The heated exchange in this forum between Stathis Gourgouris and Saba Mahmood raises a basic question about conviction through which the relationship between critique and the secular can be approached from a different angle: can we be committed to—can we believe or have faith in—a particular position, idea, religion, etc. and nonetheless be fully critical toward it?
Does commitment inexorably deteriorate to dogma, forestall debate, and shackle our intellectual capacities in the bonds of reductivism and facile binaries? Alternately, is the methodological agnosticism implied by a descriptive and genealogical project the best possible guarantor of productive scholarly engagement—indeed, of critique as such? I believe there is a case to be made for committed criticism—secular, religious, and otherwise, in all their subtle vernaculars—though making that case is not my purpose here. Instead, by interrogating the relationship between critique and conviction emergent in this discussion and, more broadly, reevaluating the role and effect of conviction in scholarly discourse, I hope to unsettle sedimented assumptions about scale and movement bound up in the concept of critique.
The constellation of terms I deploy throughout this post—conviction, commitment, belief, and faith—are not, strictly speaking, synonyms. Instead, their diverse connotations and etymologies maps a range of overlapping affective registers. More than describing a relation to content in a transparent manner, recent scholarship on the religious/secular nexus clarifies how these modes produce, demarcate, and perpetuate their own social structures and forms of knowledge. Conviction and its ilk are thus “attitudes” in the sense of that term Foucault articulates in his essay “What is Critique”: they are, “in the end, a way of thinking and feeling; a way, too, of acting and behaving that at one and the same time marks a relation of belonging and presents itself as a task. A bit, no doubt, like what the Greeks called an ethos.” Of the four terms, “conviction” bears most significantly upon discussions of critique. In two senses, conviction is the telos of criticism: in the juridical sense, critique (as krisis or judgment) works toward, and also defers, conviction (as sentence or declaration); as it relates to suasion, conviction as settled belief based on evidence is likewise both the goal and the process of deferral—or the figurative space in which that goal is indefinitely deferred. In both senses of conviction, a metaphorics of stasis vies with one of movement.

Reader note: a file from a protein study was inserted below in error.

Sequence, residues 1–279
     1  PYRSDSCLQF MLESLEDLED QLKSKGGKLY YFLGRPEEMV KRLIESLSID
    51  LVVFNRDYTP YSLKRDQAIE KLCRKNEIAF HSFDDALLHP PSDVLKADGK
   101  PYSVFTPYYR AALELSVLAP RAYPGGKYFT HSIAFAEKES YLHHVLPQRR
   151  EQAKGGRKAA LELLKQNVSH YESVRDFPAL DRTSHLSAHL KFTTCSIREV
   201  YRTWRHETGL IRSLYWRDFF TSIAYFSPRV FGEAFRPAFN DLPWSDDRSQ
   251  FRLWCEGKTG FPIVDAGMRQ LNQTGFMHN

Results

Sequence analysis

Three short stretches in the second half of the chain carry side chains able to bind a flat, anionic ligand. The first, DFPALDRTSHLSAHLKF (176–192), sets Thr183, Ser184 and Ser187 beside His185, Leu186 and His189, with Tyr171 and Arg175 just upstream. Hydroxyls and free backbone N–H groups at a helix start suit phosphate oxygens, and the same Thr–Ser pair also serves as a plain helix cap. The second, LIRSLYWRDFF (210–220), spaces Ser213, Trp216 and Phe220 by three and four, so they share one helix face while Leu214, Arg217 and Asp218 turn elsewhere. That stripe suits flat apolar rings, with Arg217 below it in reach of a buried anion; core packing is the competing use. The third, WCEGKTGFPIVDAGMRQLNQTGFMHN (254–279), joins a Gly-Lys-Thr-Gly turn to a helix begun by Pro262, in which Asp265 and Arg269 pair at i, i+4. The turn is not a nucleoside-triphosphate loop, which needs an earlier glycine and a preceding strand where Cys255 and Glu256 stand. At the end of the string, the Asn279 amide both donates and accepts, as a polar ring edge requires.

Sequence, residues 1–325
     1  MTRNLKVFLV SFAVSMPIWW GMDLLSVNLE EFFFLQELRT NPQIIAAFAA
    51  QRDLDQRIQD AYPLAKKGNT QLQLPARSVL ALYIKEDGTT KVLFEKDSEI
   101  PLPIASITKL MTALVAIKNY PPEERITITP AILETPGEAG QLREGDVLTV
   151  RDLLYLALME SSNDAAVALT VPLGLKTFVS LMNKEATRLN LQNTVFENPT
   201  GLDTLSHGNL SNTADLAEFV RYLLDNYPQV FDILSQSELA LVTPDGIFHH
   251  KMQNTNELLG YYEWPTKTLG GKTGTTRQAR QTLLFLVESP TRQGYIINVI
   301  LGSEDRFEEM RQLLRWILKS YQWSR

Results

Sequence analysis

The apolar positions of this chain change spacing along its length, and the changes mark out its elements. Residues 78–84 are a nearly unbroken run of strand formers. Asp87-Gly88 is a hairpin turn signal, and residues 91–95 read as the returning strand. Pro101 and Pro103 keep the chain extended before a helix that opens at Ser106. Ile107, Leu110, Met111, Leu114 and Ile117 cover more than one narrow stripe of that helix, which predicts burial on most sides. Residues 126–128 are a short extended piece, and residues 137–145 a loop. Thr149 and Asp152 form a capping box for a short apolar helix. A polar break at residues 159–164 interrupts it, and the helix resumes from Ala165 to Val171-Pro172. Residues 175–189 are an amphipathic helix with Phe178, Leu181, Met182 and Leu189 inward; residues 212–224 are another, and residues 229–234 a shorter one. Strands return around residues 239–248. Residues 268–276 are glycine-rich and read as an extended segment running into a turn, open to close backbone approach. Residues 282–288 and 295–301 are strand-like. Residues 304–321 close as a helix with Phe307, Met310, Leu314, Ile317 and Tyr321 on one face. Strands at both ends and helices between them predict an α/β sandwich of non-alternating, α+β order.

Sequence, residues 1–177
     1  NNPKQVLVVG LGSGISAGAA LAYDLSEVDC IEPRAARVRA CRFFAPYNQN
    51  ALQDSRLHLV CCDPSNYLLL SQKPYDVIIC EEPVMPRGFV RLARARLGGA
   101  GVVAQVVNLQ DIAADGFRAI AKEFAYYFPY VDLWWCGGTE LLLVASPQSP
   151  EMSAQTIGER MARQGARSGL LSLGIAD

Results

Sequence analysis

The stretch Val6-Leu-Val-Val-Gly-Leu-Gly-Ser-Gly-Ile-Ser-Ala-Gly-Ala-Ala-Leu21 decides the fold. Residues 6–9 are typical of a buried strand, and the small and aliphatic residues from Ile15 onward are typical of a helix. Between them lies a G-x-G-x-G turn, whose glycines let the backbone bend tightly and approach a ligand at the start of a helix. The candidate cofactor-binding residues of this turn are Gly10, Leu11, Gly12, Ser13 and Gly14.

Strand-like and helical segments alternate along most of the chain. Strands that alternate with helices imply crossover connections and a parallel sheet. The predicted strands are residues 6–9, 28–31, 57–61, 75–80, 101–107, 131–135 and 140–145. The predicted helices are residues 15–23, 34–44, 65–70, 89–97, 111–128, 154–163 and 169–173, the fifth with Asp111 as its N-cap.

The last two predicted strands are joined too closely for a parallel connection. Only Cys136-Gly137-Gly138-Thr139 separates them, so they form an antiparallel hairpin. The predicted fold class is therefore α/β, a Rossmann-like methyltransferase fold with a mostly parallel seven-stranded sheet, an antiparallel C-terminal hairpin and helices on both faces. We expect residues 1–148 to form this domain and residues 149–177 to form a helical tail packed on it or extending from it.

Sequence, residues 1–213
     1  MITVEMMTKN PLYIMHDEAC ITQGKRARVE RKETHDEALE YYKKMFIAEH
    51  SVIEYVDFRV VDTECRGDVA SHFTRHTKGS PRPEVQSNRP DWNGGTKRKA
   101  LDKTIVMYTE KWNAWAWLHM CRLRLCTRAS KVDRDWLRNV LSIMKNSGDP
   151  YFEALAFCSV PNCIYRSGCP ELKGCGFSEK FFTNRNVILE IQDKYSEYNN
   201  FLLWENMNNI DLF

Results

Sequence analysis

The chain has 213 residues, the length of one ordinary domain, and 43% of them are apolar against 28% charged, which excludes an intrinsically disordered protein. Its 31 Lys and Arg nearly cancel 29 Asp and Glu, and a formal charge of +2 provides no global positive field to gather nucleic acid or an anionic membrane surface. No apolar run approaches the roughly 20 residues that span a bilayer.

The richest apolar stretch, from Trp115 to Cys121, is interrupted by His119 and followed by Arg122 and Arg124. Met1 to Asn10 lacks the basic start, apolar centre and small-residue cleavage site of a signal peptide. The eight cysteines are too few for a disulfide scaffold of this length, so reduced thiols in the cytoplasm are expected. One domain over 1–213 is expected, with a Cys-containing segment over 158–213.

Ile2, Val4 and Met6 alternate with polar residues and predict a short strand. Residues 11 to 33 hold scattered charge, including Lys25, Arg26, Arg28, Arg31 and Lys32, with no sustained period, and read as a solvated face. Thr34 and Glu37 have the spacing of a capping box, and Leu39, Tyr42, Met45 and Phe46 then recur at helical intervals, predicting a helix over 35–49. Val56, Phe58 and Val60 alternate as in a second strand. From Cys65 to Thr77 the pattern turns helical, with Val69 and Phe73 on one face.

The crisis of stasis vs. movement was of particular importance to Walter Benjamin, who, along with the secularized Jewish intellectuals of the Frankfurt school, introduced continental thought to the legacy of Jewish mysticism and is thus central to any discussion of “secular” criticism. For Benjamin, the double-valence of critique and conviction as both deferral and process—with an abyss or rift between the two—yields, in his “Theses on the Philosophy of History” and elsewhere, a sense that critique is necessarily a messianic practice. In his late work on ethics and justice, Derrida recuperates a similar approach to temporality, movement, and action under the aegis of a critical messianism. For Benjamin, the task of the critic is messianic in a very precise way, marking its paradoxical structure in terms of scale and movement: critique, in the cloak of historical materialism, must be simultaneously an individual act and an act of global scale, a process and a cessation of process, an act of violence and the deliverance from violence, an event endlessly deferred and a view of time in which “every second…[is] the straight gate through which the messiah might enter.” Benjamin’s “secular” messianic criticism rejects the spatio-temporal sensibilities that underwrite both historicism and genealogy; it is also committed to the core. As he puts it in his eighteenth thesis on the philosophy of history, the task of the critic is to seize hold of a transformative moment in which “he grasps the constellation which his own era has formed with a definite earlier one. Thus he establishes a conception of the present as the ‘time of the now’ which is shot through with chips of Messianic time.”